Robert Trujillo, the current bassist of the heavy metal band Metallica, has taken an equity stake in Manhattan West Asset Management, a Manhattan Beach, Calif.-based advisory firm, where he’s a client. Lorenzo Esparza and his team left J.P. Morgan Securities earlier this summer to start the firm, which primarily serves institutional and ultra-high-net-worth investors, many of which are in the sports, music and entertainment business. Esparza has transitioned 90 percent of his client base so far. The firm is Latino-owned. “Having experienced a range of their capabilities first hand, I'm excited to support Manhattan West's growth and expansion," said Trujillo, in a statement. "Having an entrepreneurial streak myself, joining the firm as an equity partner made sense on a number of levels."
TD Ameritrade announced its thinkorswim trading platform now includes access to earnings analysis tools via Estimize, which aggregates estimates on U.S.-listed securities from over 3,000 independent, buy-side and sell-side analysts, private investors and students. Through Estimize, thinkorswim users can view projected earnings from third-party analysts as well as crowdsourced estimates for current and previous periods and can filter for myriad quarterly measures, including price history, volatility, and projected and actual earnings. Quarters can also be filtered for how they stack-up with Wall Street and Estimize estimates. "The impact of Estimize has been well-documented by academics,” said Nicole Sherrod, managing director of trading, TD Ameritrade. “Combining Estimize data with our expertise on options trading platforms and post-earnings price movement can revolutionize how retail investors trade earnings.”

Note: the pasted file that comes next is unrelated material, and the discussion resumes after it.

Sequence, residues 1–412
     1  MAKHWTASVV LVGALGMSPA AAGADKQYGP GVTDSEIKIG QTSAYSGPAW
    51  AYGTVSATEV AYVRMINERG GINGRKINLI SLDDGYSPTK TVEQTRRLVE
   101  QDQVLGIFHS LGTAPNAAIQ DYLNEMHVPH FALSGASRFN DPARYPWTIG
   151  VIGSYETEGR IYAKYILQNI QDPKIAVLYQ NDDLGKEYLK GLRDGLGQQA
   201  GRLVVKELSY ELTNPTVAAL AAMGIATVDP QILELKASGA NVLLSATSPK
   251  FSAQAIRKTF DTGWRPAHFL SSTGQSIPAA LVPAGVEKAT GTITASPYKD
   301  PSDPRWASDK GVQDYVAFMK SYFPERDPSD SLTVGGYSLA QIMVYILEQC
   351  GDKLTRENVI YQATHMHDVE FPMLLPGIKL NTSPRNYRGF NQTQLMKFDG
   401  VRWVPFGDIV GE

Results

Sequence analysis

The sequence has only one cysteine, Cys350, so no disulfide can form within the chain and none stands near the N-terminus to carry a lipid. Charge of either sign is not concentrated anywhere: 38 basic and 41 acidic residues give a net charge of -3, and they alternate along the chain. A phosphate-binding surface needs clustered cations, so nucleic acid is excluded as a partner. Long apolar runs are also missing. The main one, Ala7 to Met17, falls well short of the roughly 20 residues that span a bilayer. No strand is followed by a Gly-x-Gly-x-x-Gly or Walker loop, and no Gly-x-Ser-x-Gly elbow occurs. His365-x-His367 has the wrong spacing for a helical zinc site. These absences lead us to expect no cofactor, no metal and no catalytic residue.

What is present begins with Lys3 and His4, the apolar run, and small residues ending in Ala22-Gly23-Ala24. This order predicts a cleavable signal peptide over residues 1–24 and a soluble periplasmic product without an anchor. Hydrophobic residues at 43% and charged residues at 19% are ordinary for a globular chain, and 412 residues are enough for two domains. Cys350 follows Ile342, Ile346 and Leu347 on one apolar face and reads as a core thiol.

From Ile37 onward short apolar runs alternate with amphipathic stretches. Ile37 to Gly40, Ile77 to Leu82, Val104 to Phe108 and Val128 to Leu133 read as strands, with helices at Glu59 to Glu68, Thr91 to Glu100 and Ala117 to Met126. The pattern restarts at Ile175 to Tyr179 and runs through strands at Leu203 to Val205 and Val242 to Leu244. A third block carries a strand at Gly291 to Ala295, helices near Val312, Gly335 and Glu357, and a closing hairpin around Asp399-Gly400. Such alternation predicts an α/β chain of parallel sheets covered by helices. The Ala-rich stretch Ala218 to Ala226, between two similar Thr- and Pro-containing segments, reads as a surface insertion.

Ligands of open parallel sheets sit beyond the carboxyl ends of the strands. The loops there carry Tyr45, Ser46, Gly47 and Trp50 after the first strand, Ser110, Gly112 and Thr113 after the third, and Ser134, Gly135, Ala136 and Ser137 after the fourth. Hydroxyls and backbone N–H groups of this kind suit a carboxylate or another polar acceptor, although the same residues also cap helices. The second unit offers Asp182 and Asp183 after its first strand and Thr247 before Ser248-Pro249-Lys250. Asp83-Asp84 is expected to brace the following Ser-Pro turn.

Will Allen, who played in the NFL from 2001 to 2013, pleaded guilty to running a Ponzi scheme with a business partner, the New York Post reports. Allen, who played with the New York Giants, Miami Dolphins and New England Patriots, and partner Susan Daub pleaded guilty to federal fraud, conspiracy and money laundering charges. The duo fleeced investors out of $35 million by claiming they were making high-interest loans to professional athletes who needed money. In some cases, the loans were for less than they claimed or were non-existant. Sentencing is scheduled for February.